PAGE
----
I’m wondering what the standard etiquette is for requesting plasmids from other labs - specifically - if in the publication several
promoters are used for cell-specific gene rescue, is it reasonable to request all or the majority of the plasmids or should you only request
1 of them and then sub-clone other promoters yourself? What do you think?
In general, by publishing a reagent they’re committing themselves to distribute it to reasonable recipients (ie researchers who can use the reagents, as opposed to possible cranks), unless there are issues about depletion of an irreplaceable reagent (a polyclonal antibody, for example). Yes, a large request can be a hassle - but you wouldn’t be requesting those unless you actually wanted to use them, right? Why should you re-do the work, when they’ve already made it and already committed to distribute it?
There are of course all sorts of variations and details - they may request that you, having received the reagent, commit to sending it on to the next person to request it. They may request that you pay for shipping (indeed, it’s only polite to offer, although a plasmid doesn’t need express service and so can be sent too cheaply to bother). You may be requesting unpublished reagents, in which case they have every right to refuse the request, especially if it’s a hassle to fulfill; this is why it’s always best to cite the specific paper, in as detailed a manner as you can. And, sadly, they may not be able to fulfill the request - maybe a student who left their lab a decade ago made the constructs, and left behind a couple of poorly labeled freezer boxes. But, in general, they’ve gotten a paper out of that reagent, and they’ve committed to share it for reasonable noncommercial uses; they may even be fairly happy to see someone getting enthusiastic enough about their approach to follow it up extensively.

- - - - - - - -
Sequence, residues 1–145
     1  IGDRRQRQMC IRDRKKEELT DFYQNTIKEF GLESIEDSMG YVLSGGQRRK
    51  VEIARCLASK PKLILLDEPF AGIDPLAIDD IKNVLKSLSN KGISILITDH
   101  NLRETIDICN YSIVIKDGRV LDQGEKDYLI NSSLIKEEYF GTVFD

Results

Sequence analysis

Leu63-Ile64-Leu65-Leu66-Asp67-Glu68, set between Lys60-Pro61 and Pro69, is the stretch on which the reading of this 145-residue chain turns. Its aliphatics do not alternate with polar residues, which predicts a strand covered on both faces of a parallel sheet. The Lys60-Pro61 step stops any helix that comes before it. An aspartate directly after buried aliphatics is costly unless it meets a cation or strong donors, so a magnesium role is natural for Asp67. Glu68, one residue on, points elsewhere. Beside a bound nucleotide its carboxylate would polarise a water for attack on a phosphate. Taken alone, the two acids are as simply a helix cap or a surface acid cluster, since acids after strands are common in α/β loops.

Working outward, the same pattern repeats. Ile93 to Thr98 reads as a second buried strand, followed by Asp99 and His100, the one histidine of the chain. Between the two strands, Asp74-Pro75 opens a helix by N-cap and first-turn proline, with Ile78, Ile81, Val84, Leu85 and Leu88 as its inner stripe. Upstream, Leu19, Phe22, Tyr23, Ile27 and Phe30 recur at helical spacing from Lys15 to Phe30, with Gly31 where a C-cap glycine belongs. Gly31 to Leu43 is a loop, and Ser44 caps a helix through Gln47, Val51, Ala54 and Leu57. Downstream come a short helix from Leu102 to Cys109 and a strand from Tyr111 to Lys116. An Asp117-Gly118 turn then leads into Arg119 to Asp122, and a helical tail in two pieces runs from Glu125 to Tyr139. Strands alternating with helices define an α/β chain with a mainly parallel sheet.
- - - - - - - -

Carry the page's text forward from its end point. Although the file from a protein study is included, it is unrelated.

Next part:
(Having said all that, I recall that Roger Tsien’s lab, which is no doubt bombarded with innumerable requests for plasmids encoding various fluorophore constructs, limited requests to three or perhaps four plasmids at a go - but I don’t know how strictly they enforced this rule).
Hillel couldn’t have summed it up more nicely. Also, make sure to check Addgene to see if they deposited their stuff there too!
As usual, What Hillel and Snug Said. However, also know that not all investigators are equally good at: 1) responding to you about your request; 2) getting it to you in a timely manner; and 3) sending along the accompanying information in print or by email. Some PIs are great, and get back to you right away with everything you could hope for. Others never get back to your requests if you send them as a student or postdoc, although an email or call from a PI can be more successful. Don’t be afraid to send a follow-up a week or so later if you don’t hear anything, and if that fails, ask your boss to do it if you have such a person. Again, be as specific as possible and as nice as possible, and try to tell them in some part why you want the reagents, e.g. what you hope to do. Sometimes you could hear that someone in their lab has tried exactly that and might suggest another approach for some reason if it failed or was unsatisfactory. Advice is sometimes better than the reagent.
this is also worth a look…
kind of from the plasmid repositor’s mouth so to speak.
great find steve!